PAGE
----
Robot. Sentience. They are two words that, when considered at the surface, don’t seem to be able to go together. After all, a robot is a mechanical creation, generally considered incapable of sentience, or full self-awareness. We specifically use the word “robot” to imply that the machine cannot have sentience; a robot is a clockwork thing.
When we try to suggest that a mechanical creation has sentience, we tend to immediately rename it. Cyborg. Android. Replicant. Synthezoid. We distance ourselves from the word “robot,” and seek to redefine the creation to stand for something beyond its mechanical parts.
Is it because we want to keep the concept of “robots” as simple things? Or is it because we see sentience as being beyond mechanical creations? Do we see sentience as requiring some special spark that robots are incapable of? Continue reading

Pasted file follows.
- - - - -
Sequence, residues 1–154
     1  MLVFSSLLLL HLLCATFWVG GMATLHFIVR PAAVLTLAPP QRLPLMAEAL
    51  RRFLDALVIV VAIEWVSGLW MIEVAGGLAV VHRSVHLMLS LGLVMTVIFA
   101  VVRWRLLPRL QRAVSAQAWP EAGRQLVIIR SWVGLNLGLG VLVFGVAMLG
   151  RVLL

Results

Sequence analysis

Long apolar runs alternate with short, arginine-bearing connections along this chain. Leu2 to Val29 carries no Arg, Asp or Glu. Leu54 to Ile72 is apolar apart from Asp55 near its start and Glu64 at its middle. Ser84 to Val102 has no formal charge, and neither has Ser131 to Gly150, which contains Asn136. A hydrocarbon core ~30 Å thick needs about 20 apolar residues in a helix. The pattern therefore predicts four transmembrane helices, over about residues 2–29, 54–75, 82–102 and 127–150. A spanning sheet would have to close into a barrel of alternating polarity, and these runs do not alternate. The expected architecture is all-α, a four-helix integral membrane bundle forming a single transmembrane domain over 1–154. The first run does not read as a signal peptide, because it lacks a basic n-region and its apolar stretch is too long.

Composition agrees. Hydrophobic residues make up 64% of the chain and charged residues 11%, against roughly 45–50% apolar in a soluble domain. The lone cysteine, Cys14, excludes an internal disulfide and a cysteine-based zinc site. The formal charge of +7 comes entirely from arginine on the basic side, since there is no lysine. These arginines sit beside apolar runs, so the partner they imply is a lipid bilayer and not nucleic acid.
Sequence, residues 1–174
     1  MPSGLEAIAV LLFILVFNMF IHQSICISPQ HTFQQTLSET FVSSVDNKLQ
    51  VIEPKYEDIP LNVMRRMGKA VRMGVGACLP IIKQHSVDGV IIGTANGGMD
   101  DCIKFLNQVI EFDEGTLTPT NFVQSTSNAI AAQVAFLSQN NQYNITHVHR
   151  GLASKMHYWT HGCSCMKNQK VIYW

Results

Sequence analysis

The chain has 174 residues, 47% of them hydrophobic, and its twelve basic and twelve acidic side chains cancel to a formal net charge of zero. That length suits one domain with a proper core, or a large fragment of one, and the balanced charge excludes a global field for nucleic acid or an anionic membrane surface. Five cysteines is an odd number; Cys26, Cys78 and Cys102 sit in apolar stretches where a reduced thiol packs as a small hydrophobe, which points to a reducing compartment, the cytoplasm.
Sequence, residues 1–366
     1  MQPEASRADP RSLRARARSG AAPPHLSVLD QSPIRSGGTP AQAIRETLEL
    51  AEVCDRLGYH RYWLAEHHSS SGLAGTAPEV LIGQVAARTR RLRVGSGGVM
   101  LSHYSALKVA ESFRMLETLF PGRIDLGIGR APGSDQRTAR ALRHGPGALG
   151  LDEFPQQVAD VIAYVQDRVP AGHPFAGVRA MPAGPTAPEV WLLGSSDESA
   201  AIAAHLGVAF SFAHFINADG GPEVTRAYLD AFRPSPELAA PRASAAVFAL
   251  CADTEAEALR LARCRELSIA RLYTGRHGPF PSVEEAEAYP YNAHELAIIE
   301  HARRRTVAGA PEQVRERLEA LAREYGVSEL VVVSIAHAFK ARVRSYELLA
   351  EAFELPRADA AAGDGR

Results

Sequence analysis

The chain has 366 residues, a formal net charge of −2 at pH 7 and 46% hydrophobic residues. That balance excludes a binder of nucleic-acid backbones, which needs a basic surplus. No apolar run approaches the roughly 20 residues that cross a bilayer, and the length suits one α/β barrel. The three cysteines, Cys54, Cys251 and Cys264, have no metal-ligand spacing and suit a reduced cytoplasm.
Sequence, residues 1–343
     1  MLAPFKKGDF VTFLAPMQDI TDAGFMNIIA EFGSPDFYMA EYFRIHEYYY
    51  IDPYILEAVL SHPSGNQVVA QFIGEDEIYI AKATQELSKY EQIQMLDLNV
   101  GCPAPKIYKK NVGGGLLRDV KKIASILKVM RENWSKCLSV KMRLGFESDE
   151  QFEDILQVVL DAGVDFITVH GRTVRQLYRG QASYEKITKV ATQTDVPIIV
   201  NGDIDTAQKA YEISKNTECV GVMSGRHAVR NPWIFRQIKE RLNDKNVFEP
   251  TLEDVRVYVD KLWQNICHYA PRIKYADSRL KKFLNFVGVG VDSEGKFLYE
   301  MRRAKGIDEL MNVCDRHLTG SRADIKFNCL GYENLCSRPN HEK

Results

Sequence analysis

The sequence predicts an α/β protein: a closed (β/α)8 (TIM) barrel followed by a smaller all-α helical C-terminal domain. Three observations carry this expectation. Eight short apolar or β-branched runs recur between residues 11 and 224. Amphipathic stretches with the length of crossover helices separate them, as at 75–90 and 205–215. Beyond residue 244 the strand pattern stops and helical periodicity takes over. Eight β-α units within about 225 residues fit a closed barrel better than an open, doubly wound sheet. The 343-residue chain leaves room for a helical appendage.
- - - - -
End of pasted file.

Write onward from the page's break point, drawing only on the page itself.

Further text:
One of the favorite discussions amongst sci-fi fans, scientists, computer experts and roboticists is the idea that artificial intelligence, or AI, will someday become so smart that it will “kill all the humans” and take over the world. The trope has led to innumerable books, movies, papers, games and debates, and keeps everyone looking sideways at their computers whenever they do something unexpected. It has arguably become the largest source of mass paranoia in the industrialized world, now surpassing our distrust of government.
And it’s fun to talk about, whether we expect it to happen or not. Continue reading